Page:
Load-In and Load-Out – Part 1
A popular subject I’ve seen come up on some forums relates to portable churches, and it seems like a lot of people are looking for some best practices on loading in and loading out. I’ve personally been doing more work with portable churches over the last couple years so I have some suggestions you can try based on my own experiences as well as hanging out with my touring friends.
Load-in and Load-out aren’t exactly the most glamorous parts of any event, but they are a big part of the territory in most of live sound. The first thing to keep in mind is very simple: everything that comes in will need to go out. This means you want be as strategic as you can because every piece of gear or furniture you move is a piece of time and energy. The less you can load-in, the faster the process can go on both ends of the day.
Now, this may seem pretty obvious to you, but I mention it because gear accumulation and hoarding is a natural part of production. When you’re portable it’s even more important to keep things as lean as possible, though. The issue doesn’t show up the same way in typical live sound scenarios, however, because most sound companies have something most portable churches don’t: a shop. Many portable churches simply load in and out for the event and don’t touch their gear again until the next time they need to use it. This makes it easy to fall into the trap of adding equipment to a growing pile so be vigilant on your equipment acquisitions. When stuff breaks, get it fixed or get rid of it right away. If you’re not using something, leave it in the trailer/truck or get it completely out of there for good.
Now, let’s talk about venues. For many of you, this is probably beyond your control, but those of you who are in the process of looking may wish to pay attention.
Stairs are the enemy. Stairs burn extra time and energy for your team, and ideally, you should avoid stairs as much as possible especially when it comes to the larger gear you’re using. Sometimes it’s hard to get away from them once you’re in the room, but that’s a far far better situation than if you have to load every piece of gear up and down stairs. It will probably not take long for you and your crew to burnout if a lot of stairs are involved.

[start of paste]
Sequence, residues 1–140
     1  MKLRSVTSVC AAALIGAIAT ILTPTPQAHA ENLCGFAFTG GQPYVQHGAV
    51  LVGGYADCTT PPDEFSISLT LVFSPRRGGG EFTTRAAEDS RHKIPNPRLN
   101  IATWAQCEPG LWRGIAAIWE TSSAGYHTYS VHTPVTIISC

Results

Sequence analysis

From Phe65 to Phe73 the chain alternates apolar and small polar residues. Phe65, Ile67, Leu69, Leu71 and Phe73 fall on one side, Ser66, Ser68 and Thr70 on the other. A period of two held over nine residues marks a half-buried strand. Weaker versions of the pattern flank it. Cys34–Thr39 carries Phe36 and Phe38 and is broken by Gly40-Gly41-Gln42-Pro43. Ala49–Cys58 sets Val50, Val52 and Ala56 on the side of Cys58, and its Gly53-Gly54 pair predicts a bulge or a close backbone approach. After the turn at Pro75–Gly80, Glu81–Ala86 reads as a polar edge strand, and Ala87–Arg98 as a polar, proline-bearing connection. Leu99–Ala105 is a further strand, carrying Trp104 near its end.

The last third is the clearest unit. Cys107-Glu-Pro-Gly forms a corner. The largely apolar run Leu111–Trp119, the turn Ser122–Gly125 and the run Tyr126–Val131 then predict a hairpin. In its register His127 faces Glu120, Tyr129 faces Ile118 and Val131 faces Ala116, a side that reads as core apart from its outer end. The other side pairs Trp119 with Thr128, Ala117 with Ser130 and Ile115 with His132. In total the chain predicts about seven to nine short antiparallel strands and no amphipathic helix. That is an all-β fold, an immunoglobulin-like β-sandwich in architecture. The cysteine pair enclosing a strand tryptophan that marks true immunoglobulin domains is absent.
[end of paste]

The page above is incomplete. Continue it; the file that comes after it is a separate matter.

Elevators are better than stairs, but they can still be a big time suck. Small elevators will hold a limited amount of gear so you’ll have to wait for them and potentially negotiate usage with other patrons in the building at some point in your day. Large freight elevators are better, but they are still going to suck time because it’s basically the equivalent of reloading and unloading your truck/trailer.
Flat ground is always best, in my opinion, but ramps are the next best thing. In most cases I’d probably prefer a ramp out of a truck over a lift gate, but I’ve also seen guys rock a lift gate pretty good so you’ll have to decide for yourself. When you’re scouting your venue, though, make sure any on-site ramps you’ll use that double-back or turn will have enough clearance for your cases and equipment to easily make the turn(s).
Don’t overlook doorways, either, because not all doorways are created equally. Make sure you can get your gear in and out when each door is open. This is very important because not all doors give complete access to the full width of the frame when completely open. Some doors that don’t open completely may also have handles and handle bars that narrow your entry. So make sure to measure every door and make a note of how much room you actually have to work with. Also make a note if you’ll need to add door stops to your gear collection for propping doors while loading in and out. If you do carry door stops, make sure you have about 3x as many as you have doors because I can almost guarantee these will disappear over time.